Friday, April 2, 2010

You keep me young, god bless

Continuing on with the April Blogging Challenge... Numero dos:

I just read “The Myth of Mean Girls” and frankly, it pissed me off. The authors state that the recent suicide of a 15-year-old Massachusetts high school girl is being used to propagate the idea that teen violence, specifically among girls, is out of control. They give a bunch of statistics showing that crimes committed by teen girls (murder, weapon possession, assaults, robbery, etc.) are actually at their lowest in years, thus debunking the ‘mean girls’ myth.

There’s only one problem with their logic- that the suicide of the young girl in question was prompted mostly by non-criminal harassment, and especially by verbal taunting. No one is claiming that the female bullies tried to attack her with a weapon or rob her house. They called her the “Irish slut” because she dated a cool senior guy, and their cruel text messages sent her into a state of self-doubt and perhaps even self-hatred. By all reasonable logic, she didn’t commit suicide because she was afraid for her life- she did so because they made her feel that her life was not worth living.

Some adages fade away as modern culture deviates so greatly from the past. Others don’t. The idea of “sticks and stones” is alive and well. This case isn’t about violence (and it must be mentioned that the movie “Mean Girls” wasn’t either. It was about high school girls spreading heinous, sometimes untrue rumors about one another). It’s about the use of words, their impact, and the responsibility that people must take for their rhetoric.

If the authors want stats that may better relate to the prevalence of mean girls, here are some:
Surely, it's a good thing that teenage violent crime rates are down. And certainly not all kids are on Facebook to mess with one another, or sending taunting text messages. But the truth behind 'mean girls' AND mean boys is that there is skyrocketing usage of new media and technology among teens, lower parental understanding and monitoring of these new communication vehicles, and low reporting of cyberbullying by victims. Mean kids still exist, below the old-school parental radar.

I propose parents quit trying to be the cool mom. Be the uncool parents- my dad used to answer the phone and razz my friends for 3 minutes before letting me talk to them. As a result, I didn't even want the cool kids calling me. I'm better for it.

8 comments:

Emily Elizabeth said...

Love this, Gina. My recent obsession with teens and social media/cell phone use has brought up some really interesting thoughts and questions in my mind (not to mention the fact that I've decided that my kids won't have cell phones until they go to college). I wish I lived closer to you so we could meet weekly and discuss our obsessions with coffee, social media, communication, marketing, cheez-its and reality tv.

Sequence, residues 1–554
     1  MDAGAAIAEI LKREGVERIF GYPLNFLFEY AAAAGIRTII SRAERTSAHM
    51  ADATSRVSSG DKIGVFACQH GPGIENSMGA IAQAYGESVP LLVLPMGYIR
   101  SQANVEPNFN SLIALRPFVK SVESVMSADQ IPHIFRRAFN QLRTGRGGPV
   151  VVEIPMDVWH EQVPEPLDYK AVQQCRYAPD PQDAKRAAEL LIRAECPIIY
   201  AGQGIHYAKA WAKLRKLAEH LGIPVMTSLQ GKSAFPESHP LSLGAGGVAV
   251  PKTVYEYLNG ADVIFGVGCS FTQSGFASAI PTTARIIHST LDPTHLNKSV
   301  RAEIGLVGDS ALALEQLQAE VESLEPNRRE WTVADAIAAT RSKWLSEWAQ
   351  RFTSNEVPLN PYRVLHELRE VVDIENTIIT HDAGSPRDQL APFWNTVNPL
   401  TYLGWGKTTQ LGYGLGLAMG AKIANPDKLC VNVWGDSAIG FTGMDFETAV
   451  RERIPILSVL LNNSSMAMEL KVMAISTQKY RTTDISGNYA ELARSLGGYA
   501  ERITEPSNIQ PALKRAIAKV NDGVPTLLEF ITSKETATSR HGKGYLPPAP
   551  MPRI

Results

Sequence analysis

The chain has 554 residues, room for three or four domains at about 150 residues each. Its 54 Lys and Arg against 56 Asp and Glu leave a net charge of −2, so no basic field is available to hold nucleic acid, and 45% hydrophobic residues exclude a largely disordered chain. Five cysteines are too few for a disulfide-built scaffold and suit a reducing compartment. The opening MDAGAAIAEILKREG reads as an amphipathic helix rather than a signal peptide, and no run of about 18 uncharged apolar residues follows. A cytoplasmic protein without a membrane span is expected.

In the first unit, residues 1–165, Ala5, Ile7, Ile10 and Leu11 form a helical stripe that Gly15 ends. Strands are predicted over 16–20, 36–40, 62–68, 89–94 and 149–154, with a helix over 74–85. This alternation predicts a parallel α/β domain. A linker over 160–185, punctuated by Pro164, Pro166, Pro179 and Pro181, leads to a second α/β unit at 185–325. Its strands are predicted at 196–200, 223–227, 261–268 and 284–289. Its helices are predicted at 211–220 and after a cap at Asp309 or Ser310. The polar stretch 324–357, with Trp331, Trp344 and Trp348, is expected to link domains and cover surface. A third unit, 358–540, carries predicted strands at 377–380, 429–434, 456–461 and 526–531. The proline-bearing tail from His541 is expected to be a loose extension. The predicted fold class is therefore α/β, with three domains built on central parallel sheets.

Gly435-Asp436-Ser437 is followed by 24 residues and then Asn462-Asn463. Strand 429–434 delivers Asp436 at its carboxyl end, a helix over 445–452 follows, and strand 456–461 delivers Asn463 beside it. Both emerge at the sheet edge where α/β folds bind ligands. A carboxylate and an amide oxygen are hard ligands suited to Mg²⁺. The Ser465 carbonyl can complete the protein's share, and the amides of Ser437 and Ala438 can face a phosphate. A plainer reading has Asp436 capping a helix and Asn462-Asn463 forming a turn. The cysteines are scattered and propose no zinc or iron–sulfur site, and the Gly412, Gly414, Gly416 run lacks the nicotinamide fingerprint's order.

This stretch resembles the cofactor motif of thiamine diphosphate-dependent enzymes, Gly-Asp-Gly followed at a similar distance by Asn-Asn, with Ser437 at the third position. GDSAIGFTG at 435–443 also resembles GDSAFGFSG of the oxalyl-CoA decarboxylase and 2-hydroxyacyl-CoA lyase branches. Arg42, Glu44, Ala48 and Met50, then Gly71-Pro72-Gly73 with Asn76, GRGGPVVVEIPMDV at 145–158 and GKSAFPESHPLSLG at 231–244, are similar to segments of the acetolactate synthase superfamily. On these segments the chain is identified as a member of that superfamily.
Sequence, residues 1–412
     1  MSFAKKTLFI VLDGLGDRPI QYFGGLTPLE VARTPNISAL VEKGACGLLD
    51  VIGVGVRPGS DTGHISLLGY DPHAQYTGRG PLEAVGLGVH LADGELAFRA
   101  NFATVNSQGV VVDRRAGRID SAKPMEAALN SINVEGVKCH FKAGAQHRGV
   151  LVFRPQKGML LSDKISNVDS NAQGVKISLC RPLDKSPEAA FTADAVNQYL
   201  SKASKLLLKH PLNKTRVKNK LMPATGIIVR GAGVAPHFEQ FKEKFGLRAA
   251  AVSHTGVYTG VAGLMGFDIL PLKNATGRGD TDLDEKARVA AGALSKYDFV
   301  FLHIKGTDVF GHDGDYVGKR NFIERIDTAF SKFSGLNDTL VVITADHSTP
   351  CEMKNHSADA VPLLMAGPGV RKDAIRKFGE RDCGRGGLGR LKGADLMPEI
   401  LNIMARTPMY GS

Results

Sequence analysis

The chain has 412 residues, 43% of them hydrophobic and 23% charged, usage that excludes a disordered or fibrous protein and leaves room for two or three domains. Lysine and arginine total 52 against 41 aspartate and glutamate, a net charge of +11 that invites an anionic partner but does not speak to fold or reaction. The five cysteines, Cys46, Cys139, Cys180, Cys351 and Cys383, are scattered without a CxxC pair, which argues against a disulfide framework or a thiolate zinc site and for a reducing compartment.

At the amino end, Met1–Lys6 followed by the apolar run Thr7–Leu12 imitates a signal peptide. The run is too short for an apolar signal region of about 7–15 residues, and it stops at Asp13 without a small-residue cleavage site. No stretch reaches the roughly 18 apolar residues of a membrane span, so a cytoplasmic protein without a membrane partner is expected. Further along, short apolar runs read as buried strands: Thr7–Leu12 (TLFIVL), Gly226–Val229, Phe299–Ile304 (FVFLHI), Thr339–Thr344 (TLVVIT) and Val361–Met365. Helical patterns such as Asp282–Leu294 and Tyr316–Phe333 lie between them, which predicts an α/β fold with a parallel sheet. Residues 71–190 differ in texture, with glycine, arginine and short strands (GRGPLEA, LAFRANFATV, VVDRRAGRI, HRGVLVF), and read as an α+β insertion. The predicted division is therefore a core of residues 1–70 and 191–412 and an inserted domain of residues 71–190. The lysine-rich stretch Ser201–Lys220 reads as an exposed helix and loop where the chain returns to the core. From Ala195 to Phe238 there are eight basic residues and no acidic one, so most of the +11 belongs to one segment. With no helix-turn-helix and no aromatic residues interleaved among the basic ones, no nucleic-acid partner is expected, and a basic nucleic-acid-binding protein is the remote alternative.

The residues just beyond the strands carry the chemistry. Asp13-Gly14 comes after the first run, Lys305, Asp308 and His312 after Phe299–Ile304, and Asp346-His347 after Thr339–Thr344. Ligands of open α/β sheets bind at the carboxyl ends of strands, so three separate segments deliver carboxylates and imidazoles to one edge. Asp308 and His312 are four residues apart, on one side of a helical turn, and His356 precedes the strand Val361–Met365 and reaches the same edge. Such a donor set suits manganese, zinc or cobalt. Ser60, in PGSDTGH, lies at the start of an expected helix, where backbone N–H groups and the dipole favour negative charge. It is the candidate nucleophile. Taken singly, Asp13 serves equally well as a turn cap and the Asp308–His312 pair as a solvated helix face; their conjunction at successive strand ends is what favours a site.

Joel said...

I hate sounding cliche but it really is about the parents and their involvement in their children's lives. I think for the most part if a parent actually engages their teen as a person while still maintaining authority, the teen will be much more able to handle their adolescence. I wouldn't be surprised if these "mean girls" have shallow, impersonal relationships with their parents that lead them to take out their frustration and sadness on others.

How's that for commenting?

Gina Marie said...

Emily, I adore you... seriously, we must have been separated at birth. Thanks for being on board with all my obsessions.

This Saturday is Jenna's birthday party at Kory's in Prior Lake... if you'll be in Mike's hood, you should give me a ring!

Joel, I agree with everything you wrote. You know how much I hate mean girls. Also, please at least acknowledge that the Poehler video and title was ALL for you. "If you're going to drink, I'd rather you do it in the house."

Emily Anne said...

Again, love the passion. I think the whole story is sad, and I truly wish all girls had a good group of girlfriends to back them up. No one should ever feel that alone at that age.

I'm REALLY starting to feel like I'm not at all going to be prepared to parent a child through something like that.

Teresa said...

I completely agree on the cell phone thing--I was at MOA today (CHAOS) and there were tweens running all over the place with cell phones. I wasn't allowed to have my own til I went off to school, so why do 10 year olds have them now?!

Just remembering the kind of shit I tried to get away with on my heavily parentally-controlled AOL account makes me shudder. I am watching my children like a hawk.

KC said...

I'm not sure about the parental supervision problem now that I'm a parent.

I do agree that it's all about the relationship. I think Joel hit it on the head when he said we should interact with kids as people, but still maintain authority.

Great post, Gina. You're really blowing us out of the water with the number of articles read.

Shannon Clattenburg said...

Well your post today really blew mine out of the water.. you brought up some great points!

I remember when I was younger, and my dad would do "spot checks" on my MSN chats. Literally pop around the corner, and make me scroll up a few comments to see the tone of the conversation.

I used to hate it. But, like you, I am so much better for it today.

Mary said...

does this make me a non- cool kid? or maybe even less cool since I loved that your dad would "razz" me one the phone! :)
ps- love all the posts but when I only get to internet every few weeks it is quite the commitment- and you know how I am with that.
love you!